There are pros to betting here like when you feel strongly that your opponent will not bluff you and that they may have made second pair or a hand that is worse than Top Pair. Your bet will build the pot if they call. I’ve gotten in trouble many times with this line of thinking, however. It’s difficult to put an opponent on a hand when it’s mathematically unlikely to happen. I’ve also found that players decide to bluff at random times and you’ll never truly know unless they show. This is why The Poker Model’s general rule is to check these Flops and put your tournament life above all else. You will eventually have a better hand in a better situation where you can bet for value and feel comfortable building a large pot.
Mac Dre checks and I check behind as planned. The Turn is the 7h. Now that we have made it to the Turn without having any stress, we can start thinking about value. A value bet is when we put just enough money into the Pot for our opponent to call when we are fairly certain we are ahead. A value bet on the Turn is much different than a value bet on the Flop because there is only one more card to come on the Turn while there are two cards to come on the Flop. What does this mean from a player’s point of view? Players are more “hopeful” on the Flop. Their draws have better chances of hitting and they are optimistic that improvement is on the way. This causes them to hang around or even check/raise with more likelihood on the Flop than on the Turn. This is why we can make value bets on the Turn with a bit more comfort than on the Flop. With a hand like Top Pair, the Turn is a nice place to look for some value while minimizing risk.
If Mac Dre checks I’ll place a small value bet into the pot in hopes of getting a call on the turn, followed by a check from him on the river. Mac Dre can still raise me on the Turn and cause stress. This is why making an additional check on the Turn is fine as well. We are toeing the line between value and safety.
Mac Dre makes an average size bet of $2,950 because it is half of the pot. It should be treated like any other average size bet by considering the number of big blinds we’ll have left after we make our move. To review, I min-raised pre-flop from the Button, he called and we both checked the Flop. Now he is betting into me. I’m thinking that Mac Dre has “something” and checked it on the Flop. At this point I can only guess if it’s a bluff, pair, draw or bigger. I’m asking the question, “How do I keep myself above 20 big blinds while making it to the River and flipping over my top pair?” What should I do?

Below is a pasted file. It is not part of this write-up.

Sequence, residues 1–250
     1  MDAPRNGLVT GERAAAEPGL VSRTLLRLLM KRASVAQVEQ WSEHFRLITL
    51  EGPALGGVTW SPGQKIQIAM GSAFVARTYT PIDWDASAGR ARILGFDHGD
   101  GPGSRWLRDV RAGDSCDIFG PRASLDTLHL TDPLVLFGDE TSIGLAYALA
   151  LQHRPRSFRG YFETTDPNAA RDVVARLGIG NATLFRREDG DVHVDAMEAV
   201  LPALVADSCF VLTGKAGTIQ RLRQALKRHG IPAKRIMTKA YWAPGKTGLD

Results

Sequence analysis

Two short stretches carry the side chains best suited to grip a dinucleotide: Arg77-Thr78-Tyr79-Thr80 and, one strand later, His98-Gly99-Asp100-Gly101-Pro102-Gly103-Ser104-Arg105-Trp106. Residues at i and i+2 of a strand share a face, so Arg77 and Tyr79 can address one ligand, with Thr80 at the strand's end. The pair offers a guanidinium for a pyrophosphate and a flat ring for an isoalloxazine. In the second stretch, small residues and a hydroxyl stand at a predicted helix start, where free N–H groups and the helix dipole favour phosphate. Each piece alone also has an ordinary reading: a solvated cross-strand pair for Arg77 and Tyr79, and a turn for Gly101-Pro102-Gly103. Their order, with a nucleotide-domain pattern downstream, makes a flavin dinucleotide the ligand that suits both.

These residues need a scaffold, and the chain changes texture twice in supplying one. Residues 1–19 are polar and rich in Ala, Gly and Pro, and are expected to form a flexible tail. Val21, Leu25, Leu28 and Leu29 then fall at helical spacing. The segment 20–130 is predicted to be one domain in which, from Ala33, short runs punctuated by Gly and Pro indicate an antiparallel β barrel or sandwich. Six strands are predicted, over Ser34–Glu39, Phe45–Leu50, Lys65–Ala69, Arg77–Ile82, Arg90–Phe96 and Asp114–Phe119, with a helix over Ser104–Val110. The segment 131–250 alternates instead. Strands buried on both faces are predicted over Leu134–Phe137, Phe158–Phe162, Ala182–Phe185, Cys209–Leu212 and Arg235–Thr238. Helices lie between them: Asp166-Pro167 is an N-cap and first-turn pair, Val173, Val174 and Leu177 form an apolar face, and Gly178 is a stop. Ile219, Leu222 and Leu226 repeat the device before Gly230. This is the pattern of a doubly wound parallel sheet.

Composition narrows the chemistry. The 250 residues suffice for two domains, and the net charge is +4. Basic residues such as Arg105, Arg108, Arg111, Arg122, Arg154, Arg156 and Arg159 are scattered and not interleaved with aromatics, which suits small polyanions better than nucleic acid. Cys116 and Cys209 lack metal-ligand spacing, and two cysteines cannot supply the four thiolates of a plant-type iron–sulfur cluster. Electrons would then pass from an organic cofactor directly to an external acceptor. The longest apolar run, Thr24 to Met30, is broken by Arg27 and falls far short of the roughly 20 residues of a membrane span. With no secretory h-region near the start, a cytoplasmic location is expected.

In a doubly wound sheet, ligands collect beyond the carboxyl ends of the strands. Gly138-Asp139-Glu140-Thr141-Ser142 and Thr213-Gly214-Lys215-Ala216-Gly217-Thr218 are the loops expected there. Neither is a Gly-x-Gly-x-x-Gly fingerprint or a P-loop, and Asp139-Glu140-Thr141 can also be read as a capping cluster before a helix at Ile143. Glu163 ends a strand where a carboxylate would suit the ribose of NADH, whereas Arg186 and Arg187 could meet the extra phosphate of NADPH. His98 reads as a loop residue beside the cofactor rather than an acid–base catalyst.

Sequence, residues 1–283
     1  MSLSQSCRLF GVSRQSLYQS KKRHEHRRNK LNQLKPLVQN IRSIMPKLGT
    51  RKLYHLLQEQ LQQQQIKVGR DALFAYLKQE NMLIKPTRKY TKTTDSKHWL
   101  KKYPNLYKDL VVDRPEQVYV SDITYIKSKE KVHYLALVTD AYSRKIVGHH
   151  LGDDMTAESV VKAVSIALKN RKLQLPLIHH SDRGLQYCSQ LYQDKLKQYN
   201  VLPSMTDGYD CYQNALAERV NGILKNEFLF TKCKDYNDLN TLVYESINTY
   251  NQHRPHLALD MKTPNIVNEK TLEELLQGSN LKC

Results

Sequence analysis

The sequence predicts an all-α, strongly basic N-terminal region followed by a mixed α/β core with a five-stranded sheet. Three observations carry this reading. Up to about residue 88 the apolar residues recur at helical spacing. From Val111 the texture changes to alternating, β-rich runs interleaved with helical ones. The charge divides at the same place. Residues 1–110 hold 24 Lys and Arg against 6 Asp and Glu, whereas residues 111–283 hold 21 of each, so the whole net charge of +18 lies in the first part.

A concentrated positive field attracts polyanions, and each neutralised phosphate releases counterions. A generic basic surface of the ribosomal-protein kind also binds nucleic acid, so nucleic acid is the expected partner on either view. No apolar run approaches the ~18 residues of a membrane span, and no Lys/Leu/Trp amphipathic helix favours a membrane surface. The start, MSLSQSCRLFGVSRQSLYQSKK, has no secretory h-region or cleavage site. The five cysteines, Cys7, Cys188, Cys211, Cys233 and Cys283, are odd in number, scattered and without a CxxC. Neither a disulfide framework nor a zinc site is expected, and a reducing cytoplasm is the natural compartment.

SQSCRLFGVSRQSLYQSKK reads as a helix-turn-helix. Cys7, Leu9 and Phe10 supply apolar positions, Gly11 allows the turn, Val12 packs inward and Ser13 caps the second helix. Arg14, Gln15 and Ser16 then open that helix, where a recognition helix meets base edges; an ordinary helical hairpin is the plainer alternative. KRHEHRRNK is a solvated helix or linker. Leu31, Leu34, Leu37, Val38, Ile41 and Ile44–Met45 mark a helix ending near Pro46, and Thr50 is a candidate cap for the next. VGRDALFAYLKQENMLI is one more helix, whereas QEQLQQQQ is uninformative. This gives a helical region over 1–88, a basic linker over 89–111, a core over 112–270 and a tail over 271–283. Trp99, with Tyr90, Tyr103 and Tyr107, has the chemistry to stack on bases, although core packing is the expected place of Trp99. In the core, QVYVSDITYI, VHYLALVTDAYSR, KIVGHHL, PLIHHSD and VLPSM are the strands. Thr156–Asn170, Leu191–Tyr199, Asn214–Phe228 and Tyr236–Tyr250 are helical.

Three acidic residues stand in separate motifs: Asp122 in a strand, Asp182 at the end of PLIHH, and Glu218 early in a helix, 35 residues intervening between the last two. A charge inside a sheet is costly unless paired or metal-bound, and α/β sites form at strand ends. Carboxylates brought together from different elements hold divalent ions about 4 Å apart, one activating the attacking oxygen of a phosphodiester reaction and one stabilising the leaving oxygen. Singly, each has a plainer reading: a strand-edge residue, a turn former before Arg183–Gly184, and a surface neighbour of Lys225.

Folding is a poor decision. Top Pair with a high kicker has great showdown value at the end of the hand and my opponent could have any two cards. While my check on the Flop was meant to control the Pot and my stack, it may have come off as weakness to my opponent as a side effect. Some players go into heavy bluff mode after one check from an opponent. If I had a big hand, wouldn’t I make a continuation bet? This may have caused Mac Dre to make a bet to get me out. Folding here doesn’t get us to the end of the hand, however.
Calling is fine but not recommended. If we call $2,950, then we’ll have about 27 big blinds going to the river. The issue I have with calling is when our opponent’s hand improves on the river. Let’s say Mac Dre has 5-6 in this hand and decided to bet his open-ended straight draw in this spot. If I just call on the Turn and the Ace of Hearts comes on the River, then Mac Dre may make a big bluff bet because he missed his draw. I’ll have no clue if he has the ace, flush with hearts, or something else that has me beat and I’ll be forced to fold. The momentum of the Turn bet, followed by a River bluff would have me stressed. Again, I didn’t get to flip my cards at the end of the hand. I don’t want to be stressed, which is why I’m going to make a Turn Blocker Bet here.